Psychology Behind Love for the Black Friday Essay

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Psychology Behind Love for the Black Friday Essay

Shopping is nowadays a very popular activity in our modern society. A growing development of various stores, supermarkets and hypermarkets turns it into entertainment and pleasure. The marketing policy makes the goods more attractive and available which any customer can not stand buying. Depending on the area of their interests people spend money on clothes, IT-gadgets, food, cars, make-up and accessories, sports etc. Sometimes such behaviour of buying spins out of control and states a mental disorder named shopaholism which is dangerous to any consumer as alcohol or drug addiction. Overshopping becomes a new issue for discussion in the psychology since times when the process of globalization and drastic economy development takes place in the world.

Although after Dr. Benson “shopping, at its best, is an activity that can promote self-definition, even healing” (Feuer, 2009). It means that every person needs some mental treatment in order to raise his or her self-estimation. While buying we feel something such as delight because we deserve this thing or can simply let us have it. Black Friday in America can serve as the best example of the shopping ideology which shows all scarcity and social proof principles of market madness.

Black Friday comes in the United States at the end of November following Thanksgiving Day and before Christmas. Even the most reluctant shoppers being in a festive mood can make a real bargain. At this day from the biggest mall to the smallest store every shop front shines with the bright signboards calling: “Sale! Sale!” Nowadays on-line shopping becomes very popular which also offers a lot of discounts and tempts most of the customers who stay at home. The term “Black Friday” originates in Philadelphia and has been used in different contexts. One of them goes back to the 19th century and is connected with the financial crisis of 1869 while the second one is describing long queues of cars and people eager to buy something in their pursuit of Christmas presents. “In January 1966 ‘Black Friday’ is the name given by the Philadelphia Police Department to the Friday following Thanksgiving Day. Black Friday officially opens the Christmas shopping season in Center City, and it usually brings massive traffic jams and over-crowded sidewalks as the downtown stores are mobbed from opening to closing” (Apfelbaum, 1966).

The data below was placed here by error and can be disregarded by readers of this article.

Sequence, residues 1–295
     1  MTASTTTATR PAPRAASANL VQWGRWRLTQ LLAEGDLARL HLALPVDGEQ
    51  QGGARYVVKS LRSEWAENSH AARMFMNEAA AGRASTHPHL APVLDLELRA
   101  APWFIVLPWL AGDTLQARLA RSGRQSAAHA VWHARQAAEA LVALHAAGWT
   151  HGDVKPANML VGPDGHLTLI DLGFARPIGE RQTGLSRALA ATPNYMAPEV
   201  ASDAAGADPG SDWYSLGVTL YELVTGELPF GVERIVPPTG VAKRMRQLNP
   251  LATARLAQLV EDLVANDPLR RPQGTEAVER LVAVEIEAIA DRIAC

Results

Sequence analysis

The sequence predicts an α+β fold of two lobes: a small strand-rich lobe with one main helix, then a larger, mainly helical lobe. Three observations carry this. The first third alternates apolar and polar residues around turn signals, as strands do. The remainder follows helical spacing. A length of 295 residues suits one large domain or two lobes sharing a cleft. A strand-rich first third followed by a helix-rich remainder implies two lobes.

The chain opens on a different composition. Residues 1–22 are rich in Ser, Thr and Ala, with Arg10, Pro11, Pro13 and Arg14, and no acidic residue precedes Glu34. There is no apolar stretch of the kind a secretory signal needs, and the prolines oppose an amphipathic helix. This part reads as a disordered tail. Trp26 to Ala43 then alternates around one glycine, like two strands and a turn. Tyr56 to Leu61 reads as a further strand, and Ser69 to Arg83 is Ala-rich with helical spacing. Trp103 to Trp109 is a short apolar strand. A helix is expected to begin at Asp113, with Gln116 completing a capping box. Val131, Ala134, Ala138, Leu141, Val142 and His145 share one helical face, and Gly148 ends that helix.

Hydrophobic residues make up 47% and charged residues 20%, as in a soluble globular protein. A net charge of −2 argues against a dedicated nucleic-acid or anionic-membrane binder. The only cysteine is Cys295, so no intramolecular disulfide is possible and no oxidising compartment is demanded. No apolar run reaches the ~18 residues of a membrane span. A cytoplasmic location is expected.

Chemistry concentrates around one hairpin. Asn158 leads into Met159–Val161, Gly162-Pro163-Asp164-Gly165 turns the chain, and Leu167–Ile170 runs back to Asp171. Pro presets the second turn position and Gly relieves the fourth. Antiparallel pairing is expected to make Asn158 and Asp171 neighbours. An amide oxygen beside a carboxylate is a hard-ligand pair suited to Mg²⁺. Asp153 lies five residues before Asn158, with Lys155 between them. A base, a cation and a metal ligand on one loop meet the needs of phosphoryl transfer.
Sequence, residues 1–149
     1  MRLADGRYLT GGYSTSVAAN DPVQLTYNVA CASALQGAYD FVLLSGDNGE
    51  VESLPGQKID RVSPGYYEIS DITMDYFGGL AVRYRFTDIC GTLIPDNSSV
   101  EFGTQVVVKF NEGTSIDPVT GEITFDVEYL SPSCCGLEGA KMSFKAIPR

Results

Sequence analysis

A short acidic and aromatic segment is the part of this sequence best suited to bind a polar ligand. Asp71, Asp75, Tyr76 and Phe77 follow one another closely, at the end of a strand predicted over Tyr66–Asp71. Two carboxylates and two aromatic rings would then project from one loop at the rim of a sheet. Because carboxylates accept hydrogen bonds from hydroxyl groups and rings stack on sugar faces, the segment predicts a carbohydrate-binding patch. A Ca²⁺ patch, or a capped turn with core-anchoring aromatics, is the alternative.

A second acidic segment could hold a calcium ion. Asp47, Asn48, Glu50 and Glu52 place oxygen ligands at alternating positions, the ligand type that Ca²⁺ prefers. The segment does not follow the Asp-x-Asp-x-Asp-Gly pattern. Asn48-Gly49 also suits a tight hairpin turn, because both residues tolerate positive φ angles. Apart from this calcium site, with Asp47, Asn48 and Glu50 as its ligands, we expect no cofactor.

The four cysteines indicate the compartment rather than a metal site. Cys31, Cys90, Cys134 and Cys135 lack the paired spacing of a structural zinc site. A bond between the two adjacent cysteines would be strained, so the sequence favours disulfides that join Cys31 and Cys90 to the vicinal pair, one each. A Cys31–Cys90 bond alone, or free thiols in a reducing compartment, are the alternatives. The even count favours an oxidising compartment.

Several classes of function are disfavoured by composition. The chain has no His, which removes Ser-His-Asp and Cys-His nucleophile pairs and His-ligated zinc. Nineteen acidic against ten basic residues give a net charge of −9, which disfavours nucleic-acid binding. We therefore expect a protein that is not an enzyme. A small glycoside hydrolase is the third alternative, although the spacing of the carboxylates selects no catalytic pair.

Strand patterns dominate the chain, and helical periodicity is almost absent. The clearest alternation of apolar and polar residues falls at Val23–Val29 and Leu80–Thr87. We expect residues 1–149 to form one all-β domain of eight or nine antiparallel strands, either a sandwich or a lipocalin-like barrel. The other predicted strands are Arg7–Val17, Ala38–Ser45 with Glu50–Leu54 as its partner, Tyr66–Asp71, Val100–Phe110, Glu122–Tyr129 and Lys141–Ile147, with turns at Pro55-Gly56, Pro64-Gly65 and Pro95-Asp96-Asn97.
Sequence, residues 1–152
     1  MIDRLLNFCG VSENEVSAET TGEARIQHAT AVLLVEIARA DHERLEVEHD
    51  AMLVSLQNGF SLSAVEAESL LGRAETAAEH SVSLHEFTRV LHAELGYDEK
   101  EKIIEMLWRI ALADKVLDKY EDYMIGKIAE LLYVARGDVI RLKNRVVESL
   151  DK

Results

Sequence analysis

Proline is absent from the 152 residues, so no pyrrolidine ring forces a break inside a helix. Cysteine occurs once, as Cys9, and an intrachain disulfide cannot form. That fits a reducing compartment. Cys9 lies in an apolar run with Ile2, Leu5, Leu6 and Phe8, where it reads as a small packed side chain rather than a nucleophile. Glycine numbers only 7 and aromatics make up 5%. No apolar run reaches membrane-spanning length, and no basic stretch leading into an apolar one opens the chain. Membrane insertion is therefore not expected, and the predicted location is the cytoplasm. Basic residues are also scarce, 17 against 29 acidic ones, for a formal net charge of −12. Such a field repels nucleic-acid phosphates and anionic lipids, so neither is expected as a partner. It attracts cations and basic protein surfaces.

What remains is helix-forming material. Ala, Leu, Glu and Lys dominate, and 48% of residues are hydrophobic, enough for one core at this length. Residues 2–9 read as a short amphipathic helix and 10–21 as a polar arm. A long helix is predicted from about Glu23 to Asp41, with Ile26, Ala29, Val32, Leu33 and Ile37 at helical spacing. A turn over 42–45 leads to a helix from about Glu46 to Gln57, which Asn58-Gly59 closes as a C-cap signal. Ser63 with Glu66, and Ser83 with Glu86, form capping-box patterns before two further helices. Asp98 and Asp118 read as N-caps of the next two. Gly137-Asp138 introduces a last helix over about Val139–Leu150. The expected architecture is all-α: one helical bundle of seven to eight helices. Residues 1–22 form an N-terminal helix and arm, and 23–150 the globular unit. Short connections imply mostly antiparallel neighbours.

The agitation and love behind the Black Friday are two feelings which are well known for every American keen on purchasing. The biggest fans of this day even set up their tents near the entrances of the large shopping centres in order to be the first who comes into the store and do not skip the opportunity to buy the desirable thing for the lowest price. As there is always the scarcity of the goods with the cheapest prices people are standing in queues since the Thursday afternoon or even earlier. A Thursday before the Black Friday is usually called the Grey Thursday. The shops are opened from Thursday evening till the Friday midnight what certainly differs in all cities and towns in America. The whole activity looks like a competition for those aiming to do their best to get the largest amount of the goods for low prices. Here is a small description from the New York Times article describing the Black Friday atmosphere of 2014. Still, the weather did not stop the most eager shoppers. In Nashua, N.H., eight inches of snow, subzero temperatures and a loss of electricity to some homes did not deter a determined crowd, where some teenagers snuggled under blankets, and other shoppers stood in lines wearing ski masks and long winter coats. Elsewhere, parking lots were jammed as more retailers than ever opened with major markdowns as enticements, especially on electronics” (Tabuchi, 2014).